The Beechgrove Garden episode 6 2020: In this episode, George is hankering after hostas, Kirsty harks back to the 70s to create an easy terrarium and Chris is dealing with a bad bout of box blight.
The Beechgrove Garden is a hardy annual TV gardening series which sets out to deal with, glory in and celebrate Scottish horticulture and growing conditions.
Beechgrove is and always has been a firmly practical, get-your-hands-dirty gardening programme which delights in success but also learns from failures in the garden and never takes itself too seriously. The majority of the programme is set in our built for purpose Beechgrove Garden site near Aberdeen. From our garden, the presenters give advice on what you could and should be doing in your garden each week. We cover as many gardening topics as possible, ranging from aerating the lawn to zapping pest problems, and everything in between.
The Beechgrove Garden episode 6 2020
Among the best of all foliage plants (summer flowers are a bonus), hostas vary from large plants to more diminutive types that are suitable for rock gardens. All thrive in shade and make good container plants. They have a reputation for being loved by slugs and snails, so choose your hosta carefully to minimise the holes or consider controlling these pests.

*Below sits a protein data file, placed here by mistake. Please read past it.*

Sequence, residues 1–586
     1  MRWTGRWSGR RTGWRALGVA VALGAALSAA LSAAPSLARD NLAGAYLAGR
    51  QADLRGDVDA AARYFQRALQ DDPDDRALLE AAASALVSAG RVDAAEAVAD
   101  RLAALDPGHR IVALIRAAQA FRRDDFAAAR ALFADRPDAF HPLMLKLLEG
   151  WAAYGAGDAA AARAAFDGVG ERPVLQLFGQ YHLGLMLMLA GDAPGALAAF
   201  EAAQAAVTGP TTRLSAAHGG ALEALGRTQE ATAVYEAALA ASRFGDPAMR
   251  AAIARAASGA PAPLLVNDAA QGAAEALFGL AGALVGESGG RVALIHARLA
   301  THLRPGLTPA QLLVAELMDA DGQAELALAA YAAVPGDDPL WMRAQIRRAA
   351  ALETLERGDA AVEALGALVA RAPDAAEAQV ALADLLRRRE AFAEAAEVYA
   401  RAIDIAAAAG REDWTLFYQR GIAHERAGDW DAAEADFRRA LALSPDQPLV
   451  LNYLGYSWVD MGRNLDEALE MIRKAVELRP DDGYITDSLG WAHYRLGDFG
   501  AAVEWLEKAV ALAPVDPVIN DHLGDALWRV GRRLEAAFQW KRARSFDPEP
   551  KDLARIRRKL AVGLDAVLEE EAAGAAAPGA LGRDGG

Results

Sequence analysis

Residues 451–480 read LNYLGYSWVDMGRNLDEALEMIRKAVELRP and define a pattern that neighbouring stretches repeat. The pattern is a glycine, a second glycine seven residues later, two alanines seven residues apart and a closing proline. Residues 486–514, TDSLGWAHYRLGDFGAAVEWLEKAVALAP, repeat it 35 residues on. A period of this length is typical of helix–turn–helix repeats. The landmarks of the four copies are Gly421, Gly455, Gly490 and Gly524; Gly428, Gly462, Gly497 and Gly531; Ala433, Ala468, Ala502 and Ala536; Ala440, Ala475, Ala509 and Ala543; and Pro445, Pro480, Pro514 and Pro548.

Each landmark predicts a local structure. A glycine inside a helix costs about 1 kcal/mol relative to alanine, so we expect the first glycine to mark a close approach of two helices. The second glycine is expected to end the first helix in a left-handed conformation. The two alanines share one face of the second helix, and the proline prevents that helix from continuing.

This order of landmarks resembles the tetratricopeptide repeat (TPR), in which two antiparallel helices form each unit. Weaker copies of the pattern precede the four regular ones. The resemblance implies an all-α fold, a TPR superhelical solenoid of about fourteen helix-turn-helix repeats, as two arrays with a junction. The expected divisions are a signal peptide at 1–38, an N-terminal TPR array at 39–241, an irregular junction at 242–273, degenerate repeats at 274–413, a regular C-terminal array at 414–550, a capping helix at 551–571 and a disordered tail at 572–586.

How to grow hostas
Hostas are one of the best foliage plants. They are easy to-grow-plants and long-lived.
There is a wide range of hostas, which vary in leaf shape, size and colour. With a such huge range of leaf shapes, sizes and colours, choosing a hosta is mainly a matter of personal taste. However, it’s also wise to match the plants to the conditions you have in your garden. In general, most thrive in moist soil in light to medium shade. However, blue-leaved hostas flourish in light shade, while yellow-leaved ones prefer some sun.
Miniature types such as ‘Blue Mouse Ears’ or ‘Pandoras Box’ are a good choice if space is tight or for containers. Most also produce clusters of flowers in shades of white, lavender and purple on tall stems. You can plant hostas at any time of year, but it’s best to avoid mid-summer when temperatures are high and the soil is often dry due to little rainfall.